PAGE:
As with most potted plants, repotting should be done every two to three years to prevent the roots from becoming pot-bound and to refresh the soil. It’s best to repot in the spring before new growth begins.

Carefully remove the bonsai from the rosemary pot, prune any circling roots, and replant it in fresh soil, ensuring the roots are spread out evenly. This promotes continued growth and vitality in the rosemary bonsai.

Pruning Rosemary Bonsai

Rosemary plants require pruning regularly. One of the most exciting aspects of growing a rosemary bonsai is that you can put those trimmings to good use – in your cooking! Just snip sprigs whenever you’d like to use them in the kitchen, but don’t cut back more than a third of the plant at a time. 

You can occasionally wire the branches to shape them as well. Only attempt to wire those that are smaller in diameter than that of half of a pencil.

Pests and Diseases

Rosemary bonsai plants are occasionally prone to powdery mildew when they are grown indoors. This white, powdery fungal disease typically arises when the air is humid and there is poor air circulation. Although it won’t’ usually kill your plant, it can severely weaken it. Make sure there is good circulation in the room in which you are growing your plant (you might add a fan, for instance).

Keep an eye out for pests like aphids and spider mites. You can spray leaves with diluted water and soap solution to get rid of them. 

Where to Buy Rosemary Bonsai

Perfect to work with as a bonsai plant, a rosemary bonsai can be purchased anywhere you might buy a regular rosemary plant – you can also buy seeds and start your own plant. Since rosemary, at its very largest when grown outdoors, only grows to the size of a small shrub, it will grow rapidly from seed and can therefore mature quickly in a container.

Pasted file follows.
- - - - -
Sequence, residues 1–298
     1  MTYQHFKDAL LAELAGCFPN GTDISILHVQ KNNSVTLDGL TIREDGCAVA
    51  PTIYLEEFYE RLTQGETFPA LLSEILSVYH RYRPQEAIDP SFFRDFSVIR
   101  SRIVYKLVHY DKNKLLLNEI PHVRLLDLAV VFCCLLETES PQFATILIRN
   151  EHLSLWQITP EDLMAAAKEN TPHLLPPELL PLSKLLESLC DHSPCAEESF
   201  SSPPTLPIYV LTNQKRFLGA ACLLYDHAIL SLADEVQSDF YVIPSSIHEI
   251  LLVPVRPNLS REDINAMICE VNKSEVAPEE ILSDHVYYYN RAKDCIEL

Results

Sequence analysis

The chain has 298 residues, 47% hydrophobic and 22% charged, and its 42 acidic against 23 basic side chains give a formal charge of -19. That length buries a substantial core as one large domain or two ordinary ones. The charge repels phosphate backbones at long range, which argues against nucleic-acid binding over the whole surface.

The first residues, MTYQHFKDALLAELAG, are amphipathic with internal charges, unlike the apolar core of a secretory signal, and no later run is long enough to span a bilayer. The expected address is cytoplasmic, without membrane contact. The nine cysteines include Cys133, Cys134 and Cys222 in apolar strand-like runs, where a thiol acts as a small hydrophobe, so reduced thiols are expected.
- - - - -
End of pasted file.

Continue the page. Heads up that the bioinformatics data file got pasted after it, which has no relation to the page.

This is an economical way to buy more rosemary plants – although you can of course always purchase a starter plant from a gardening store, nursery, or in some cases, even a grocery store, too.


What soil do you use for rosemary bonsai?

For rosemary bonsai, use well-draining soil with a mix of coarse sand, perlite, and organic matter such as pine bark or compost. This helps mimic the rocky, well-drained soil conditions that rosemary prefers.

How do you take care of a small rosemary tree?

Care for a small rosemary tree by providing it with plenty of sunlight, watering it when the top inch of soil feels dry, and ensuring it has good air circulation. Prune it regularly to maintain its shape and size, and fertilize sparingly during the growing season.

How do you thicken rosemary trunks?

To thicken rosemary trunks, encourage healthy growth by providing optimal growing conditions such as plenty of sunlight, well-draining soil, and regular watering. Additionally, selective pruning can promote branching and trunk development.

How long does rosemary plant last?

Rosemary plants are perennial herbs that can last for several years when grown in the right conditions. With proper care, they can live for five to ten years or more, providing fresh herbs for culinary use.

How do you prune rosemary bonsai roots?

Prune rosemary bonsai roots by carefully removing the plant from its container, untangling the roots, and trimming away any circling or overly long roots. Trim no more than one-third of the root mass, repot the bonsai in fresh soil, and water thoroughly. Repeat root pruning every 1-2 years to maintain root health and prevent the bonsai from becoming root-bound.

Also check other bonsai trees you can grow here.

*image by Wirestock/depositphotos